The jury room is private. Only jurors and court staff are allowed in. You’re not allowed to talk with anyone outside the jury room while you deliberate. If you need to communicate with anyone outside, you must give the court staff a message to pass on.

You’re expected to decide on a verdict by discussing the case and the evidence with the other jurors. Court exhibits may be provided to help with this. (Court exhibits are pieces of physical evidence that have been presented in the trial. They mustn’t be tampered with, changed, marked, or damaged.)

Although the jury discusses the trial as a group, it’s important that you decide for yourself whether the defendant is guilty or not guilty. You might not agree with the opinions of other jurors, but you need to discuss the evidence sensibly and listen to what the other jurors say. You and the other jurors must tell the court staff if you’re being pressured into deciding on a verdict that you don’t believe in.

You’re free to change your mind if you become sure that your earlier thinking was wrong. In fact, it’s your duty to do so. Don’t change your mind, though, if you firmly believe you’re right but other jurors disagree. Don’t change your mind simply to let the jury agree on a verdict.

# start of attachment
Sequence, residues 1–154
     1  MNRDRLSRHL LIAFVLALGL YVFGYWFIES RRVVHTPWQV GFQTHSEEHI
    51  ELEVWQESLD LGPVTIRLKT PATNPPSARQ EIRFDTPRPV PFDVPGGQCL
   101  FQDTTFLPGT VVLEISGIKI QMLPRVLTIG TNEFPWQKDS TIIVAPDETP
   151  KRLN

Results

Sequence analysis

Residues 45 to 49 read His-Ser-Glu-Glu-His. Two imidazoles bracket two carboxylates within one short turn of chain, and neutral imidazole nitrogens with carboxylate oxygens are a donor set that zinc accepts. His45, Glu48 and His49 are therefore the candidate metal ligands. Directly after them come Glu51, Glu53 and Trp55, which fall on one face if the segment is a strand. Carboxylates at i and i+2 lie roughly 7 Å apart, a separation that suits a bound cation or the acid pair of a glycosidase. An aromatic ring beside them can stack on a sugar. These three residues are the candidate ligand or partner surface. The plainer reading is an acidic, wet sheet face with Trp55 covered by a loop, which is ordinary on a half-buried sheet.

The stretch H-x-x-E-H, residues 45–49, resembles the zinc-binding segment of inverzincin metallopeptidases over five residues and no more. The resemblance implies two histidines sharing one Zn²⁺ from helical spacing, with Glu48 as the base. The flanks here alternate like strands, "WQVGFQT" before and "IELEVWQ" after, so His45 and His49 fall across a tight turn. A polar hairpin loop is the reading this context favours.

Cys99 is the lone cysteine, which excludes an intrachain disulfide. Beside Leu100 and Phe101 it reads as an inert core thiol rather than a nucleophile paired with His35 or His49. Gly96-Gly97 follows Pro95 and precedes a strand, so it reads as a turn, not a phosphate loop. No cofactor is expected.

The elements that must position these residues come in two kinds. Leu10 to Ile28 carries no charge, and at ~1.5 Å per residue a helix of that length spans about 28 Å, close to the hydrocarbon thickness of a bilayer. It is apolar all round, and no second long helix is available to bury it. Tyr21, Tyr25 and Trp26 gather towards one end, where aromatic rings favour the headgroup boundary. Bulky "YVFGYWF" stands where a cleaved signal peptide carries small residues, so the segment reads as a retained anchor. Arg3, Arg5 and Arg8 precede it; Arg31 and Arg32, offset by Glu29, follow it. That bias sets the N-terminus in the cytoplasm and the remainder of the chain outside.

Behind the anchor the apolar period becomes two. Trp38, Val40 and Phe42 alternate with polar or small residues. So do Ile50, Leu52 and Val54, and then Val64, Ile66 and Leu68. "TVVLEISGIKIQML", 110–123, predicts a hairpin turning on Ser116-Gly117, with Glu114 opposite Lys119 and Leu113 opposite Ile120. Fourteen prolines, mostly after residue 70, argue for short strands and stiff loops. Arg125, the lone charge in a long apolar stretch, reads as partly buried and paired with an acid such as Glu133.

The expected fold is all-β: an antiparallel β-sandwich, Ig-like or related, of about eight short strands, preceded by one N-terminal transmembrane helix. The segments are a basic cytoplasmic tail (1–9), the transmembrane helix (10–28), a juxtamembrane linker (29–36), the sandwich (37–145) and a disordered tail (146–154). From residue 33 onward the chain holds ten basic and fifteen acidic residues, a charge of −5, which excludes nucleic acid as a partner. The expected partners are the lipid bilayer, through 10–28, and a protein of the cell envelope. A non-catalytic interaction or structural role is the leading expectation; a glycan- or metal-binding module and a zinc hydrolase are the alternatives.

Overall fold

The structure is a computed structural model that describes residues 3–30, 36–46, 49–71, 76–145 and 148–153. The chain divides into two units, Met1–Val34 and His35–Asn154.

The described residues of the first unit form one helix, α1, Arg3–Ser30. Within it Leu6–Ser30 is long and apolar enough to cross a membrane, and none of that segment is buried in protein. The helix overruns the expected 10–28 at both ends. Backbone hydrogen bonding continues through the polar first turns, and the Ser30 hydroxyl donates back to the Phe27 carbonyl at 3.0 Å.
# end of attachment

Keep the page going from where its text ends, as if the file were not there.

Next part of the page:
If you have a question about the law or the evidence while you’re deliberating, write it down and give it to your foreperson to give to the court attendant. They’ll hand your question to the judge.

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The verdict

In New Zealand, the jury must try to reach a unanimous verdict where everyone agrees that the defendant is guilty or not guilty.

If you and the other jury members have reached a unanimous verdict, the foreperson tells the court attendant. The jury returns to the jury box, and the defendant is brought back into court. The court registrar asks the foreperson whether the whole jury has agreed on a verdict. The court registrar then asks the foreperson whether the verdict is guilty or not guilty on each of the charges against the defendant. The court registrar asks whether the jury all agree. You must show that you agree by saying ‘yes’.

If the jury can’t reach a unanimous verdict after a reasonable time, the judge may accept a majority verdict:

  • In criminal cases, this means one juror can disagree.
  • In civil cases, one-quarter of the jury can disagree.

If the verdict is not guilty, the defendant is allowed to leave.

If the verdict is guilty, the judge usually sets a date for sentencing. If the judge hasn’t set a date but you want to attend the sentencing, you can contact court staff about the details later.

If the jury can’t reach a unanimous verdict or a majority verdict, the judge may declare a hung jury and there will be a new trial with a new panel of jurors.

At the end of the trial, you’ll be thanked for your service. Your jury service might be finished now, or you may be asked to come back the next day to take part in the jury selection process for another trial.